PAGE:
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The Forth in Praise Organists' Blog

The personal views of a Catholic parish organist

May 21, 2018

Bridal chit-chat (27): The Royal Wedding

evelyn @ 4:10 pm

Like a billion others, I tuned in. Like most organists, I had downloaded the Order of Service. Lovely day, well-planned rites, lots of dresses and hats to look at, and plenty of pageantry. But for the organist with a few spring and summer weddings coming up, the music was the main point of interest.

The bride came up the aisle to a Handel ode for soprano, trumpet and orchestra. Most tasteful, and tears were being shed. Handel solos do go on a bit, so the couple had to wait for the finish, exchanging a few lip-readable remarks as they did so.

Hymns – Slane and Cwm Rhondda – were just right. Motet and anthem – ditto. The gospel singers opened my eyes to the merits of a genre which I’d previously dismissed as ‘ok, but not my kind of music’.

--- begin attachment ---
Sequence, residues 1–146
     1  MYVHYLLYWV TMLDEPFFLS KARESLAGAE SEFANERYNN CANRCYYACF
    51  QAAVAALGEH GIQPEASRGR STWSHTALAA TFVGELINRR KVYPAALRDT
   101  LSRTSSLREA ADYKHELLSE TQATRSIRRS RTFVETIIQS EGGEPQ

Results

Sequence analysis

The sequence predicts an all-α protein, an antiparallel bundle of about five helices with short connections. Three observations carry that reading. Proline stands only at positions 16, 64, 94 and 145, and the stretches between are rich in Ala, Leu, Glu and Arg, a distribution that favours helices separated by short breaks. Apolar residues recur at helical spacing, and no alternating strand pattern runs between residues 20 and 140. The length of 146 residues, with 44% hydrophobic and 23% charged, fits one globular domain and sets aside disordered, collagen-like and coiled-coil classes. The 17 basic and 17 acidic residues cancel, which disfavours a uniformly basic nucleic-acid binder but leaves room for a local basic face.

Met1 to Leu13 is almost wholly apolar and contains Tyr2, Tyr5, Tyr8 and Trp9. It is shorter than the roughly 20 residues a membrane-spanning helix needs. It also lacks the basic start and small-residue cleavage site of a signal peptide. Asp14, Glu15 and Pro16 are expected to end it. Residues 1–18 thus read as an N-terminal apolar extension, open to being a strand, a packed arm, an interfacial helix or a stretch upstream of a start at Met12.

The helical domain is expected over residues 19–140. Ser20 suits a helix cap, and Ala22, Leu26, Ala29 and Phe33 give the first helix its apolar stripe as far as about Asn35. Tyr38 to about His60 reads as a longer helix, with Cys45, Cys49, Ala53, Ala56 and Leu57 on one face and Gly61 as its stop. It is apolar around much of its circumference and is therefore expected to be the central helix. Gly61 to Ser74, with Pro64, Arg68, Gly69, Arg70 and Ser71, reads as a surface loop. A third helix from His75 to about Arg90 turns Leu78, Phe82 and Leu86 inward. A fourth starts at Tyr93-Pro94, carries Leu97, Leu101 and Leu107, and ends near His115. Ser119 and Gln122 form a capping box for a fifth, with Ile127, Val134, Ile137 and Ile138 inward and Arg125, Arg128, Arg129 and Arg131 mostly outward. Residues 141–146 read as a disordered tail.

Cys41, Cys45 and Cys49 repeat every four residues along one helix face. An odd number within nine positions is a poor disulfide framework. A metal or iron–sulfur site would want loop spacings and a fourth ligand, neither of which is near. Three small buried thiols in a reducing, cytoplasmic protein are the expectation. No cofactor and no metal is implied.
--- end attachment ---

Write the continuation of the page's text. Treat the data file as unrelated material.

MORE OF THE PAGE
Lovely cello pieces at the Register signing. The only slip-up was by the BBC when they labelled the Sicilienne as Fauré’s Après une Rêve, which was next on the list.

However, the most interesting moment for me was the music for the final procession. For a few seconds I thought it was Handel’s Hornpipe in F from the Water Music, which the opening resembled. But in fact it was one I didn’t know, Boyce’s Symphony No 1, first movement, for string orchestra. It was light and breezy and spring-like, a cheerful ending to this varied service.

At church on the Sunday after a royal wedding, some organists make it almost a point of honour to play the people out with the final music of that wedding, which is often something we already know. I could find only the four-part string version of the Boyce on the internet, but I downloaded it and spent a good part of Saturday afternoon cutting and pasting together the outer parts, with a view to a figured bass-style accompaniment. Alas, I just couldn’t get it to work on the organ. It needed the lightness of the strings. Or maybe it was me. I don’t know.

I reckoned it was pretty un-memorable to the majority of people, anyway. So I decided the Handel Hornpipe would be just as good, if not better.

 

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